Shows Papal, Vatican Life Through Eyes of 11-Year-Old
ROME, APRIL 22, 2011 (Zenit.org).- A new movie presents the figure of Benedict XVI and the reality of Vatican life, seen through the eyes of Francesco, a boy who dreams about singing before the Pope.
The German-language movie, "Francesco und der Papst" [Francesco and the Pope], was released Thursday in 60 theaters throughout Germany and Switzerland.
Jesuit Father Federico Lombardi, director of the Vatican press office, stated in an informative note, "Without going into an in-depth evaluation of the film, it can certainly be affirmed that it constitutes a further demonstration of the willingness of Benedict XVI and his collaborators to accept new forms -- direct and diverse -- that make it possible to enter in communication with the great public."
The film's director, Argentine Ciro Cappellari, explained that the leading actor is an 11-year-old Roman boy with a passion for soccer and music, and a member of the Sistine Chapel choir.
Because of his voice, that has an extraordinary timbre, he is chosen to sing alone before the Holy Father.
Under the expert guidance of Monsignor Giuseppe Liberto, who served as director of that choir from 1997 to 2010, the boy is accompanied in the film during his preparation until the culminating moment when he sings before the Pontiff.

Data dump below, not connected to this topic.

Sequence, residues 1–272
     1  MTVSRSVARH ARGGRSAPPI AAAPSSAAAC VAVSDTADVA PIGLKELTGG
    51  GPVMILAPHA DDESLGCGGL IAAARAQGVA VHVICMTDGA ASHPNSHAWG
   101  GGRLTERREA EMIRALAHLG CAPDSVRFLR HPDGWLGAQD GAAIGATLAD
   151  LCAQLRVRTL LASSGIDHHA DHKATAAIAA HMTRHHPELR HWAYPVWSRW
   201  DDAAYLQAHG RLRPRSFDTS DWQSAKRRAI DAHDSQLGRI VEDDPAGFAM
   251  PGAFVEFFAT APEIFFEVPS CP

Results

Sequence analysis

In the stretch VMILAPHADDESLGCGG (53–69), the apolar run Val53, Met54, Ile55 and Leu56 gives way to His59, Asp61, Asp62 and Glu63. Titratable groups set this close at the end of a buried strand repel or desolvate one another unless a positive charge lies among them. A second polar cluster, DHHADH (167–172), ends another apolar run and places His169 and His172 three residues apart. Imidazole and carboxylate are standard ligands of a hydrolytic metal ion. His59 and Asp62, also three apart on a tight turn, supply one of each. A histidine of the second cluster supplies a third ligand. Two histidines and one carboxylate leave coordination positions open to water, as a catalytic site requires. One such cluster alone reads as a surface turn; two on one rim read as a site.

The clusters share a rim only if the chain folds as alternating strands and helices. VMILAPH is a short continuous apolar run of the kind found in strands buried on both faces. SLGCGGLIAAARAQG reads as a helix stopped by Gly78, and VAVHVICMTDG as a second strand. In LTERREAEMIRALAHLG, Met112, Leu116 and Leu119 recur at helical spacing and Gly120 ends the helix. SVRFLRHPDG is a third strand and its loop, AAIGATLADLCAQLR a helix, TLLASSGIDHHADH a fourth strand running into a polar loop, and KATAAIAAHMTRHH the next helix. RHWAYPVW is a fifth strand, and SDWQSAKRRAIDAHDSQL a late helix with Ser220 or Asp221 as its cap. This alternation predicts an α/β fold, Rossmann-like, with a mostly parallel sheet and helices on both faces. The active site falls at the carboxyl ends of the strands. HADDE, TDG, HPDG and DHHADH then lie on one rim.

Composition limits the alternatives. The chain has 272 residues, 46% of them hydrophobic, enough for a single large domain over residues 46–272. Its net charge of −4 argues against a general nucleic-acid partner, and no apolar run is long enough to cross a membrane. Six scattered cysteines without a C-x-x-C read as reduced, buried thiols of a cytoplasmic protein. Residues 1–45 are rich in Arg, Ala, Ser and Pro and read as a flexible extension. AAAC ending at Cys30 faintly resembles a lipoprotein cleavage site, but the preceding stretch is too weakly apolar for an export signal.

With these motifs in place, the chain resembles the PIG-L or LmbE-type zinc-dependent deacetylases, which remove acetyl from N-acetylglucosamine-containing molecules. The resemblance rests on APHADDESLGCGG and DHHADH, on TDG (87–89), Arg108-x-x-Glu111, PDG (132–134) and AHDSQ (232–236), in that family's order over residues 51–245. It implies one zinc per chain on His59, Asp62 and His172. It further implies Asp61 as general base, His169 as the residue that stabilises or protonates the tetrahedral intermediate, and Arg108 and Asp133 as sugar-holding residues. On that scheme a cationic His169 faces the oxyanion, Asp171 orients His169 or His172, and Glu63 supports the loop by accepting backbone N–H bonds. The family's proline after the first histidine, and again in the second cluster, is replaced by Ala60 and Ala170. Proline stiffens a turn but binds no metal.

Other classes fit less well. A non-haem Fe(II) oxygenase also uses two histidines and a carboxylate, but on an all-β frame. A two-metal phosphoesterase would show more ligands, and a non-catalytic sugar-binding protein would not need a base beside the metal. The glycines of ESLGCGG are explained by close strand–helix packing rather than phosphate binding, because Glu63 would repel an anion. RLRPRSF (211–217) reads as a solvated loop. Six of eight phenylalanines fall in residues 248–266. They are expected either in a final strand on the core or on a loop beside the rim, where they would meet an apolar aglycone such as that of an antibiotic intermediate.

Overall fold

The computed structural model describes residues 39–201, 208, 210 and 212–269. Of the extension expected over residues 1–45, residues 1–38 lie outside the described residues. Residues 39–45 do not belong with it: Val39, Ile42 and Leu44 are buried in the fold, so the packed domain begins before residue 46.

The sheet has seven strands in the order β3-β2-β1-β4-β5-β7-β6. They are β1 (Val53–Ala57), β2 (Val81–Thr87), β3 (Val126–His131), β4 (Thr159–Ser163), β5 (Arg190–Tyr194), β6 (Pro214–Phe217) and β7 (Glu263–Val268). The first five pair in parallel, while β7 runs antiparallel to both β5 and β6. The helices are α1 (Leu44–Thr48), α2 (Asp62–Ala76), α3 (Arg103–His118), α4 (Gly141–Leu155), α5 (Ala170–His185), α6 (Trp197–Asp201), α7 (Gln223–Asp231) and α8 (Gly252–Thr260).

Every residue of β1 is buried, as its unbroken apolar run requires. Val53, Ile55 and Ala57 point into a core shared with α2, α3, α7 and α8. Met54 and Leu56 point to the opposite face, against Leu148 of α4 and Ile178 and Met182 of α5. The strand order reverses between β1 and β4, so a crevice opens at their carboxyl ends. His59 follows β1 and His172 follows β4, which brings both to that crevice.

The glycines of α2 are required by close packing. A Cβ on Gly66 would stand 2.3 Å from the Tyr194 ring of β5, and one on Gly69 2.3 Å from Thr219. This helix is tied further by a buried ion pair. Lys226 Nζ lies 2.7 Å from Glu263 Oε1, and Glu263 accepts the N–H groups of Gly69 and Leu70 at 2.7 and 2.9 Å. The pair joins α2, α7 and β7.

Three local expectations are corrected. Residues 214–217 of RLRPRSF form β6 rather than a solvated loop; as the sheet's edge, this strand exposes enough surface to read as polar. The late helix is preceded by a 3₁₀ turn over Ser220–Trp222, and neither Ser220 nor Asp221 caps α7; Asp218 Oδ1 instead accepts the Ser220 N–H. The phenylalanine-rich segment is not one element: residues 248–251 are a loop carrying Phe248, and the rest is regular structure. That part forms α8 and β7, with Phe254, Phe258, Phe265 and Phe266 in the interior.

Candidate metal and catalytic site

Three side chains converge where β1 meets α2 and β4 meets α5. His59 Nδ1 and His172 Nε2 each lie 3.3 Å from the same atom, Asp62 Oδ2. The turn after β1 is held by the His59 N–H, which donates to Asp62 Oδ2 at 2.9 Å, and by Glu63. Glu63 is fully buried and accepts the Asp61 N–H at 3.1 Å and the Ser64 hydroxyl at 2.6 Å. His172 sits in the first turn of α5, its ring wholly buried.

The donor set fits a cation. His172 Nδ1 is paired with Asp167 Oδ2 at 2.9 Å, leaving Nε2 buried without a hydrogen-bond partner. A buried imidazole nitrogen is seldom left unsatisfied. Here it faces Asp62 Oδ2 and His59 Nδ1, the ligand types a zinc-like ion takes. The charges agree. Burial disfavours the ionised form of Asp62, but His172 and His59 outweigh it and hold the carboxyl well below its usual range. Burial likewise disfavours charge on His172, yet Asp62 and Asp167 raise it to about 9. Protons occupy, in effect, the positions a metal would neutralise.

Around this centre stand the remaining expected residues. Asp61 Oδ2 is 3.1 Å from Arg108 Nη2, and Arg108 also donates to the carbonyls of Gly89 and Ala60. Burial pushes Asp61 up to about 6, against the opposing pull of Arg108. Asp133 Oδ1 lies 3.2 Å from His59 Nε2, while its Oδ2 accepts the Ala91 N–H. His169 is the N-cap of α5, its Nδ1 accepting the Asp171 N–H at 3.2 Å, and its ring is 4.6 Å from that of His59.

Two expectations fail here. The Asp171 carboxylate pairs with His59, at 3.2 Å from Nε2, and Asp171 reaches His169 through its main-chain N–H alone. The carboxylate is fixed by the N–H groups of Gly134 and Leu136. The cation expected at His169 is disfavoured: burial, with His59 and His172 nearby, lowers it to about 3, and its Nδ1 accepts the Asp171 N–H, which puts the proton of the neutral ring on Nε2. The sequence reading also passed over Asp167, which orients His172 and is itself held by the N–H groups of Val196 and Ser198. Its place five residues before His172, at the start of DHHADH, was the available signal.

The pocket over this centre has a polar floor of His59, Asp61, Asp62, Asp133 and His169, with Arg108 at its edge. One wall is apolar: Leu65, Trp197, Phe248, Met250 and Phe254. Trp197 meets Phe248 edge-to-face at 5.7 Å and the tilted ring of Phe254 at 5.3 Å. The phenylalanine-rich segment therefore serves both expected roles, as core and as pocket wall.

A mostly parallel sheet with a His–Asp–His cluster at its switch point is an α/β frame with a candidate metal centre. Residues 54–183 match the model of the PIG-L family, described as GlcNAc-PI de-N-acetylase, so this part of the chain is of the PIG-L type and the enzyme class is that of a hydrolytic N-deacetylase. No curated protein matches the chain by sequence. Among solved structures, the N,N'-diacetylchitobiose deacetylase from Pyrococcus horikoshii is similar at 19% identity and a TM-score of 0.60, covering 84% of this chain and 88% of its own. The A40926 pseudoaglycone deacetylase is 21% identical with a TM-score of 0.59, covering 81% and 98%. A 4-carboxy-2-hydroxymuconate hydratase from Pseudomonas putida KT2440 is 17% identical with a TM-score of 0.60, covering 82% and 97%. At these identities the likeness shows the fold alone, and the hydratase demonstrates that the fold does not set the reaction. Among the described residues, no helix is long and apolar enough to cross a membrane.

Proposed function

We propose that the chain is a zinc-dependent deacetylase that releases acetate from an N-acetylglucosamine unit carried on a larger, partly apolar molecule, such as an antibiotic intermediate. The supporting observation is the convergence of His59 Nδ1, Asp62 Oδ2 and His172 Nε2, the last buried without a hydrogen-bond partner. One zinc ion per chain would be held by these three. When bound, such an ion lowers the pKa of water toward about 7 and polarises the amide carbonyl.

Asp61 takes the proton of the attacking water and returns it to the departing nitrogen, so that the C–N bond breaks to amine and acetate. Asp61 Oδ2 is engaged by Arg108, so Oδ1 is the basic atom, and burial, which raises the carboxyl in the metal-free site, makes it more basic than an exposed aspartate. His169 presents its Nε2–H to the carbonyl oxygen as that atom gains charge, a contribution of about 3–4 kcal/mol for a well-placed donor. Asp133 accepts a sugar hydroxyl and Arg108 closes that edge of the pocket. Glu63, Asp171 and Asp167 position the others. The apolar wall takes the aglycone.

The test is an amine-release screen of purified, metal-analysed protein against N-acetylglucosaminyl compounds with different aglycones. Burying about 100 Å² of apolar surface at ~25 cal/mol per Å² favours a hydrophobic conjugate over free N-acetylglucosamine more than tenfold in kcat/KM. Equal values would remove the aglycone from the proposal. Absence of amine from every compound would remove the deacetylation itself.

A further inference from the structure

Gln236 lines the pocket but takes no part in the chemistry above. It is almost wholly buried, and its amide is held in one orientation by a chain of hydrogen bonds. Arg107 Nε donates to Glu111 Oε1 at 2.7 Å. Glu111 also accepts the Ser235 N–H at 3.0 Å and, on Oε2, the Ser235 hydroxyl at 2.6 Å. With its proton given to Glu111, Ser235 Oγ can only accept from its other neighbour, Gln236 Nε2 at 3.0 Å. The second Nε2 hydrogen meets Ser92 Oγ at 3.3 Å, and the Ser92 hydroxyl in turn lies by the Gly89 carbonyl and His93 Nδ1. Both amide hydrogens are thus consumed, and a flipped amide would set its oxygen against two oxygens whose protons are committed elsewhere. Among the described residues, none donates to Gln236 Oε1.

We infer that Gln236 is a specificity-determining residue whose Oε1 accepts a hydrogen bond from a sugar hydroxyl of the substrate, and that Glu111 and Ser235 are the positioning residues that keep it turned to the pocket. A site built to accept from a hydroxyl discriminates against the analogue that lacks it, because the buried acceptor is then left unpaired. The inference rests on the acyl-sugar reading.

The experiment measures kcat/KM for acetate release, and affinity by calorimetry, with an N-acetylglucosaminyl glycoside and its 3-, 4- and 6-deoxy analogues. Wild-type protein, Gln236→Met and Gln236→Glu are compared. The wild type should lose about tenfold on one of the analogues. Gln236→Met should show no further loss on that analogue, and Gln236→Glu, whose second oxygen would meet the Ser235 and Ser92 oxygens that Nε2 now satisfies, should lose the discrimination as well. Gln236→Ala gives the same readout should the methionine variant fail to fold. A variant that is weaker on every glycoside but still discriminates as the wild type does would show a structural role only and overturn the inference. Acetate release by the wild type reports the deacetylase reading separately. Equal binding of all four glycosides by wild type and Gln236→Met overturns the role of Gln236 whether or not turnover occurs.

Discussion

At the same time, the movie depicts historical events from the ministry of Benedict XVI in 2009, including apostolic journeys to Africa and the Holy Land and images of the daily life and activity of the Pope. It also shows an image of the Holy Father recollected in prayer during an outing in the papal summer residence of Castel Gandolfo, outside Rome.
Always seen through the boy's eyes, during 90 minutes of the film the spectator is introduced to various aspects of Vatican life such as the training of the Swiss guards and gendarmes, and celebrations in St. Peter's Basilica.
The images and the collaboration given by the Vatican Television Center, as well as the assistance of the Pontifical Council for Social Communications, make this film a very original production, which also offers moviegoers in general the possibility to enter the world of the Vatican and come closer to the figure of the Holy Father, in a simple and informal way, noted Father Lombardi.
A first viewing of it was presented on March 24 in Munich, Germany, to several guests, including the archbishop of Munich and Freising, Cardinal Reinhard Marx.
On April 8, there were two other first viewings in Wurzburg, Germany, and in Einsiedeln, Switzerland.
The film was produced by P. Weckert, N. Preuss, O. Berben and the German Fanes Film in cooperation with Constantin Film and Beta Film.